There was a lot of controversy over the Jason Pierre-Paul medical record leak back in July. Reporter Adam Schefter tweeted out a picture of the Giants DE Pierre-Paul’s medical record, stating that the professional football player had his right index finger amputated.
After the tweet, Schefter had quite the backlash as people accused him of violating HIPAA. HIPAA, or the Health Insurance Portability Act requires “covered entities” to protect the privacy of individuals’ medical information, and imposes significant entities that violate the law.
What are “covered entities”?
Covered entities include all of the following:
- EMTs/Ambulance services
- Health Plans – HMOs, insurers, Medicare and Medicaid
- Health care clearinghouses – billing services, etc.; and
- Other health care providers who elect to transmit claim information electronically.
The law does not directly apply to the news media. This means that under HIPAA the hospital or informant of the medical record is actually the one who violated HIPAA and not Schefter.
Jackson Health System, the hospital that released the medical record tweeted back with the following:
Jackson Health System takes patient privacy seriously and aggressively investigates any alleged violation.
— JacksonHealthSystem (@JacksonHealth) July 9, 2015
Did Pierre-Paul consent to disclosing his medical records?
According to Mike Freeman of Bleacher Report, citing a source close to Pierre-Paul: no. “What I’m told by this source close to Pierre-Paul is the Giants defensive end didn’t authorize any release of medical information,” Freeman wrote.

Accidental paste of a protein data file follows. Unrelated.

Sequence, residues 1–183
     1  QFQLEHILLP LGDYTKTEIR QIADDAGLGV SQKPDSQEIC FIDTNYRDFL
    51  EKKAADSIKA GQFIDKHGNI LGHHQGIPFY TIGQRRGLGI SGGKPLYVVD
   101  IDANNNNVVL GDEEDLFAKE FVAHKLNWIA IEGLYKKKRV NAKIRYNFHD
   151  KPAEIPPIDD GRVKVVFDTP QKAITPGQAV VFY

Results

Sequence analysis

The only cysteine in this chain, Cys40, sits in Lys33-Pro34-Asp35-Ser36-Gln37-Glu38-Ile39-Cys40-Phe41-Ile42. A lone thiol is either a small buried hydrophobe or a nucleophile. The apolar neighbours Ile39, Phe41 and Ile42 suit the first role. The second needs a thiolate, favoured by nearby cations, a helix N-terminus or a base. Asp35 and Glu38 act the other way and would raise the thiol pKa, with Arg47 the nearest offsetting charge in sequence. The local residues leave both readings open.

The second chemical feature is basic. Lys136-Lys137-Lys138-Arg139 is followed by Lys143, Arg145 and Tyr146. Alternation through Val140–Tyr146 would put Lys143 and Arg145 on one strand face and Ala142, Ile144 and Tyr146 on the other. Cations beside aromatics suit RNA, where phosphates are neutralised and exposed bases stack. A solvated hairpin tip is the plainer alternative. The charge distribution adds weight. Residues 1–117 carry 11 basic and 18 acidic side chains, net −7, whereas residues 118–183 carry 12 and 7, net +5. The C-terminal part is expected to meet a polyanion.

Many people took to twitter vocalizing their opinions on the matter. Some of these tweets can be seen here on CBS.
That means if someone at the hospital did leak Pierre-Paul’s medical records to ESPN, Pierre-Paul could have the right to sue, and the hospital could be subject to a fine. A breakdown of the penalties for HIPAA violations can be found here.
It is undetermined what JPP plans to do about the breach. However, HIPAA has very serious consequences and should always be considered, even in journalism.
Check out this HIPAA Guide for the Newsroom to learn more about reporters should handle HIPAA stories.
Stay Compliant & Protected
The best way to make sure you are following HIPAA compliance is to shred all documents containing personal information and maintain strong rules against the sharing of personal information.
If you are looking for a shredding company to help safeguard your personal information, Shred Nations can help! We will make sure you always receive a certificate of destruction in order to meet all of your security needs.